Even now, people talk about Jeff Weekley as if they expect to run into him at lunch.
They still miss him, and come October it will be 20 years since an unusual recipe of people showed up at Parkhill Cemetery for his burial.
He died on a football Saturday, just before Auburn and Georgia Tech kicked off. Thirty years to the day, on another Saturday, he was given the game ball after the Tigers' 3-0 victory over Tech.
On the day he died, Auburn came back to defeat the Yellow Jackets after trailing for 59 minutes. Jeff would have liked that.
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Nancy, Jeff's wife, explained the outcome this way: "It must have taken a little while for him to get processed into heaven. Once he got settled in, he said, 'Lord, you tell that Pat Dye that he's gotta throw that ball to Lawyer Tillman."Dye apparently listened, for Tillman came up with the big catch that ended Tech's hopes.
Cancer got Jeff, after 14 years. He was walking around with it when we met but the disease never put out his fire.He was 50 when he died, and a few months before, he told me he had gone into the funeral vault business, an unusual vocation for a football player who sold concrete blocks.
"When you've had cancer, you know about such things," he said, laughing at himself and the disease.You could say cancer inspired his family to mail out a letter this week, but that wouldn't be accurate. It was Jeff and the way he lived that made them write.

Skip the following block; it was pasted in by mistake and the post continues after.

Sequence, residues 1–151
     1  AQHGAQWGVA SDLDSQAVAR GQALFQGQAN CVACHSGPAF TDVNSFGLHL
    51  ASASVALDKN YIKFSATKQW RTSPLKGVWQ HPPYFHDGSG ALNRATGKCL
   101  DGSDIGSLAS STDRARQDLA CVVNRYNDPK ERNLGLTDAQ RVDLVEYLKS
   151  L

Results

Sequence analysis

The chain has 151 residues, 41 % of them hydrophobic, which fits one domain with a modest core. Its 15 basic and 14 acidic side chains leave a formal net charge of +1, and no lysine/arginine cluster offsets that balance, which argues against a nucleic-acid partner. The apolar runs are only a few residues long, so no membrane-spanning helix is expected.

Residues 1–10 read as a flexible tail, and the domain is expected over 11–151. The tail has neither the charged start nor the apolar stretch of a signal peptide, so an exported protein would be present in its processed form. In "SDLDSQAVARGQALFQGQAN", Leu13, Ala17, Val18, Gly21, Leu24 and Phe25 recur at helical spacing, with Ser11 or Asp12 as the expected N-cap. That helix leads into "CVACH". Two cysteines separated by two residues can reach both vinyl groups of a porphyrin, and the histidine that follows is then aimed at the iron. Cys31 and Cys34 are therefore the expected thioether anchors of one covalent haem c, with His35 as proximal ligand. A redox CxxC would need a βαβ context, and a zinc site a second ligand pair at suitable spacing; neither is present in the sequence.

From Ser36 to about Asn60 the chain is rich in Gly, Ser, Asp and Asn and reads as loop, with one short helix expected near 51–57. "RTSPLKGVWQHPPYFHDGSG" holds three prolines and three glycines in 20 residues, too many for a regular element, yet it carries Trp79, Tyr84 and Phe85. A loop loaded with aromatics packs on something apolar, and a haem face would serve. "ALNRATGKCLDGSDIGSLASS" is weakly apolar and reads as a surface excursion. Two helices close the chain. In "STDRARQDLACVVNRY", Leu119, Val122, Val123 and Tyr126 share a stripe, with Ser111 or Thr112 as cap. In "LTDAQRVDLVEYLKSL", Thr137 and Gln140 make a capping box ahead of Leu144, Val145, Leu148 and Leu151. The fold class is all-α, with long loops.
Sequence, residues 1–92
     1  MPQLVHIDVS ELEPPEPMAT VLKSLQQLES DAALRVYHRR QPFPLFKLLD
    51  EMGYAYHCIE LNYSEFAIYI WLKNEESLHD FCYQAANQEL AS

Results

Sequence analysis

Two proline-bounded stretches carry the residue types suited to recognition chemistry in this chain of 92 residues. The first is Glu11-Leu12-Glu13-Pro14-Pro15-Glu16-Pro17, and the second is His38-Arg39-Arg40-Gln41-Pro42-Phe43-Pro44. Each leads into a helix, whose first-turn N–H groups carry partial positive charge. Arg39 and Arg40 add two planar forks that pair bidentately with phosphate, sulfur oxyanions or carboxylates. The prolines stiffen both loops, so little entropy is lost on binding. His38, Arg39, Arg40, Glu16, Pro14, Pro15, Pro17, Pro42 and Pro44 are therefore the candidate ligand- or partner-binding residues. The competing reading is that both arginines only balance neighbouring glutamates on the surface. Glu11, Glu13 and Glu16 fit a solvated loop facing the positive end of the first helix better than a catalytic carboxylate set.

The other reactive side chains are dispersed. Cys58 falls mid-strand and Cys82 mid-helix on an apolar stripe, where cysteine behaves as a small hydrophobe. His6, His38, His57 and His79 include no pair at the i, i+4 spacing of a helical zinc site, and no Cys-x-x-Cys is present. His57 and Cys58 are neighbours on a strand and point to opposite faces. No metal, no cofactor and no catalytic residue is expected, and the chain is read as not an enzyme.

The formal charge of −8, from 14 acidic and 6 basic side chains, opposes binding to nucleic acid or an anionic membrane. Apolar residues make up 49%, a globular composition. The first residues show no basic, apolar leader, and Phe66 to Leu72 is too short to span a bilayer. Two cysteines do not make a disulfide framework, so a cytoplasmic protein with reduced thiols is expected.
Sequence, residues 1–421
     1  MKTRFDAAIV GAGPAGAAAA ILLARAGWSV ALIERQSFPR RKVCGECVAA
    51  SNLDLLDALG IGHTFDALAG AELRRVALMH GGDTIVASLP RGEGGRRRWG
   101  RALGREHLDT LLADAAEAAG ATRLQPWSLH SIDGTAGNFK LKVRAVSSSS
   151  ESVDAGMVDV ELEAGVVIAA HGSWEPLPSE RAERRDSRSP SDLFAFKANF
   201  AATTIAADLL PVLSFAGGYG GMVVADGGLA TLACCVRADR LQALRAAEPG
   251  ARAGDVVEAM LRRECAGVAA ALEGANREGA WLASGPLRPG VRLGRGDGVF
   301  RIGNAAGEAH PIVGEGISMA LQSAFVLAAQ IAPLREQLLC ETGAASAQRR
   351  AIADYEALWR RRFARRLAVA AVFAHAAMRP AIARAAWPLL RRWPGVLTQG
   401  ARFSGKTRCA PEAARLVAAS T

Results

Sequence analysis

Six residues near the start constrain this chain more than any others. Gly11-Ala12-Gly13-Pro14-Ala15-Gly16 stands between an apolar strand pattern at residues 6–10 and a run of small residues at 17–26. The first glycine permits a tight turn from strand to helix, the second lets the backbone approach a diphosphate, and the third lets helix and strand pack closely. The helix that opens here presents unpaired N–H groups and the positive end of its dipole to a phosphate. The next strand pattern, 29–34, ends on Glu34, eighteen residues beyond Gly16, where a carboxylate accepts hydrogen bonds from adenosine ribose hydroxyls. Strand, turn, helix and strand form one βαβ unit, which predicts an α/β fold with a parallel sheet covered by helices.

"Can you believe it has been 20 years already? It seems like yesterday that Jeff was either playing golf with buddies, coaching Little League, boating in Eufaula, sitting at a school board meeting, playing poker, hunting at Dead Lakes, leading a Rotary Club meeting, selling concrete blocks or cheering his beloved Auburn Tigers on to victory. If one of these things brings back a pleasant memory to you, that is why you have been chosen to receive this letter."
Seems the American Cancer Society in Columbus is changing its annual golf tournament to October. His family wants to make a donation in his honor. Anyone who wants to help, can write a check in Jeff Weekley's memory.
We're all affected by cancer. More than 1,500 people die from it each day and 1.4 million new cases will be diagnosed this year.
When I think about it, Jeff Weekley and cancer had a lot in common, especially when I remember the assortment of people at Parkhill that afternoon. He was an equal opportunity friend and cancer is an equal opportunity disease.
The minister at his burial in 1987 said Jeff was the life of any party he attended, and he was. He enjoyed today and took his chance on tomorrow. It was a good way to live and a good way to die.
To make a donation in Jeff Weekley's honor, send a check to the American Cancer Society, 7161 Williams Hill Road, Columbus, GA, 31904.